Flower colors that contrast with their background are more important to foraging bees than patterns of colored veins on pale flowers according to new research, by Heather Whitney from the University of Cambridge in the UK, and her colleagues. Their observation of how patterns of pigmentation on flower petals influence bumblebees' behavior suggests that color veins give clues to the location of the nectar. There is little to suggest, however, that bees have an innate preference for striped flowers.
The work is published online in Springer's journal Naturwissenschaften -- The Science of Nature.
Very few flowers are a simple block of a single color. Patterns of pigmentation include color patterns within a petal or different colors on different petals. These patterns are thought to be important for pollination. Bees can identify, and are sometimes attracted to, patterned flowers over plain flowers. These patterns can increase the speed with which bees locate the nectar reward in a flower.
Venation patterns -- or lines of color on flower petals -- are common in Antirrhinum flowers, commonly known as snapdragons. The authors looked at the ways in which these color veins influence bumblebee foraging behavior. They exposed bees who had not seen flowers before to veined, ivory and red types of snapdragon flowers. They observed whether bees could distinguish between ivory and veined flowers and which type of flower they preferred, when they were looking for nectar.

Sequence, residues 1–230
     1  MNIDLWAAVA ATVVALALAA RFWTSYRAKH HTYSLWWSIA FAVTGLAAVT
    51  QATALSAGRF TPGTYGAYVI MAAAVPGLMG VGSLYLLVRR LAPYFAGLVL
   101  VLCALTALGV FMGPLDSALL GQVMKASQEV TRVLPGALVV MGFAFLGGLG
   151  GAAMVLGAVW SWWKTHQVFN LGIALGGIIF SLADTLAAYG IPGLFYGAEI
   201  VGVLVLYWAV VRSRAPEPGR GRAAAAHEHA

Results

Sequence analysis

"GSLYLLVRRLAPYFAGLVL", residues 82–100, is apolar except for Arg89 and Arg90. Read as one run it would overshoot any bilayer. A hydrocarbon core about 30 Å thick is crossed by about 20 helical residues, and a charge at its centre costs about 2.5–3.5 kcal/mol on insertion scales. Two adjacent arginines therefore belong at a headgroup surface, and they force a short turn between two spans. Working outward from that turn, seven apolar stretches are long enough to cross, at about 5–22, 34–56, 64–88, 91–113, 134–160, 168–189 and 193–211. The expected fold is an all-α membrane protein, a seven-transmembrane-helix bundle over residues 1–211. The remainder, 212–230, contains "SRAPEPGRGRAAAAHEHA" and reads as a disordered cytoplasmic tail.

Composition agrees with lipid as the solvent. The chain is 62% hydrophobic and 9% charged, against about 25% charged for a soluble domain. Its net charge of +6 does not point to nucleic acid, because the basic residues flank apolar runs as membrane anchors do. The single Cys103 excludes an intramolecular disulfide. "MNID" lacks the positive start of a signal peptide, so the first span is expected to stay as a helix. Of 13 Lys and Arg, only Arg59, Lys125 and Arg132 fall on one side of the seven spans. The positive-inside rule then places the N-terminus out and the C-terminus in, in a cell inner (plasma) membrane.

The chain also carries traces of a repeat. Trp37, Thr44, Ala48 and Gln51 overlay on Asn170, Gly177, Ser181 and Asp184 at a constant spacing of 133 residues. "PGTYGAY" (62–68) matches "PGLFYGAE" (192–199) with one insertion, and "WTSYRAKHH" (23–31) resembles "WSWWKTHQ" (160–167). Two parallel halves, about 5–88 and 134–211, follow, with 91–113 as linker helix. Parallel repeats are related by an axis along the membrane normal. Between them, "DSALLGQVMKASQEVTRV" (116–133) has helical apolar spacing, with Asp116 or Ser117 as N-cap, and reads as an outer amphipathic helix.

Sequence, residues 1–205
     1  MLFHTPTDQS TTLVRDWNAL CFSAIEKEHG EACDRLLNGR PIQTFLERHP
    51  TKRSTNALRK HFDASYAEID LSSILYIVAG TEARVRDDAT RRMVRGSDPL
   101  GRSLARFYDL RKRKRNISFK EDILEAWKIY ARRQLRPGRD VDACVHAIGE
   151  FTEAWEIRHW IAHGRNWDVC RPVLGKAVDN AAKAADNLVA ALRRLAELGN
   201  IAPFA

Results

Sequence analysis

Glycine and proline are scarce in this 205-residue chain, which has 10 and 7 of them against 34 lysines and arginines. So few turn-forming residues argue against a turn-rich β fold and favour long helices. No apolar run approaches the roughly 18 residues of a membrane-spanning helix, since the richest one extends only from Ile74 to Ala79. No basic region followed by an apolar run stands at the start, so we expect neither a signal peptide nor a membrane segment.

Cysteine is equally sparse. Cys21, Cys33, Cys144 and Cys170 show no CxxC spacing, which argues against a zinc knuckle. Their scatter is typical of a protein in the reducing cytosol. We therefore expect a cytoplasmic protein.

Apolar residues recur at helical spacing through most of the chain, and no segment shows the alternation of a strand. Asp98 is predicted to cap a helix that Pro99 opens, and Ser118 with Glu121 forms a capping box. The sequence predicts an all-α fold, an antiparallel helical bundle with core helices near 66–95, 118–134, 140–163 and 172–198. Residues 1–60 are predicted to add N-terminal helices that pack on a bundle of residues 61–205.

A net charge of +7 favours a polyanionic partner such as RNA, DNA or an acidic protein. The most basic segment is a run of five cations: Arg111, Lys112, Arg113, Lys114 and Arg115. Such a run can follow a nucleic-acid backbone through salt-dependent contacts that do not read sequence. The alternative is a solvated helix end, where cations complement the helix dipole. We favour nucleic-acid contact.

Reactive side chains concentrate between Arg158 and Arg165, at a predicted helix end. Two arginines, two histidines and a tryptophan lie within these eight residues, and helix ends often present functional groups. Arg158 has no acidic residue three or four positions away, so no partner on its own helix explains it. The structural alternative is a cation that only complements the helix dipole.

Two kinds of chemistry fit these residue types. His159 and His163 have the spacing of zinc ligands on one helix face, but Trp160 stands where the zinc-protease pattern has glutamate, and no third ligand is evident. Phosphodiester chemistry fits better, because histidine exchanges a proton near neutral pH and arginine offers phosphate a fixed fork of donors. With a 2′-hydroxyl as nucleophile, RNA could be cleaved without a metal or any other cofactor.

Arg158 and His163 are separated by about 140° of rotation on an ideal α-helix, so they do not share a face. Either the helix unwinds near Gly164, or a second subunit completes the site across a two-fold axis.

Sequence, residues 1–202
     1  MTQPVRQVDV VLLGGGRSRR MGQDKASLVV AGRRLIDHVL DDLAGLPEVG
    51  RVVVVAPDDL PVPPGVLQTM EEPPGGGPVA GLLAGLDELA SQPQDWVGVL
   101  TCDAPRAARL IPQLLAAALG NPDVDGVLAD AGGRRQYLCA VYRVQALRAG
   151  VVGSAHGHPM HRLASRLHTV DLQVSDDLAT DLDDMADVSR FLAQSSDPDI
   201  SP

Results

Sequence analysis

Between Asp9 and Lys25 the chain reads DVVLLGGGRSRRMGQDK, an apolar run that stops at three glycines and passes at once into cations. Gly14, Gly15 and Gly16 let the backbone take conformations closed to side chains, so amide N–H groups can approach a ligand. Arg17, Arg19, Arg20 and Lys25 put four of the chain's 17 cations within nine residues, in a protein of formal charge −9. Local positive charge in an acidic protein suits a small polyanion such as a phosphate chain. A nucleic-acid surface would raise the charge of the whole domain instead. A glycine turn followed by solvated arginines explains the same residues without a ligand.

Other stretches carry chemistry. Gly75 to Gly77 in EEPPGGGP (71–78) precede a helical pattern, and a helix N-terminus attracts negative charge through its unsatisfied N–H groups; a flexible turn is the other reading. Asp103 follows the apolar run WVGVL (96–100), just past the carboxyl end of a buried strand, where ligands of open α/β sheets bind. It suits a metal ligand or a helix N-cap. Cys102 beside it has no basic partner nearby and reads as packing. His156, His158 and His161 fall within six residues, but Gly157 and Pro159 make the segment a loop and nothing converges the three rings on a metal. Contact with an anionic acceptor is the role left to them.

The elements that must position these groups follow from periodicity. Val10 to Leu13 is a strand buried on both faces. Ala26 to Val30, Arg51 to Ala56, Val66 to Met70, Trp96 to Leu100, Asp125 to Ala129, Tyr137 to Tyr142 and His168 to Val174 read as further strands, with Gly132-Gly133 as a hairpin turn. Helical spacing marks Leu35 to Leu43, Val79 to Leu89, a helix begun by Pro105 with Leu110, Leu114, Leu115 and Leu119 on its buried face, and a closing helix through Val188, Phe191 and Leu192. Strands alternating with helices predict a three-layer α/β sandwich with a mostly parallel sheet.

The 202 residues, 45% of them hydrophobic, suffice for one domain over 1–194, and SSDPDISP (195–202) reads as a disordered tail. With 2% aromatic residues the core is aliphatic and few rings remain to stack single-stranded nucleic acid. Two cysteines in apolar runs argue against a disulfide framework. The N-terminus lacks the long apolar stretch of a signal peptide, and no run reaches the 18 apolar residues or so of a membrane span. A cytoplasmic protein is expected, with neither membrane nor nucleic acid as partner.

From the bees' perspective, red flowers reflected little light while red veins on ivory flowers slightly changed the color of the flower. The ivory background, however, had the most effect, as it contrasted with the brown background more than the red flowers did. Bees successfully discriminated between ivory and veined flowers but showed no preference for one or the other. In contrast, both ivory and veined flowers were significantly more popular than red flowers.
The authors conclude: "Venation patterns might be prevalent in nature because they can be useful nectar guides, particularly when they also increase flower visibility. But it appears that the color contrast of a flower with its background has a greater influence on bee preference."
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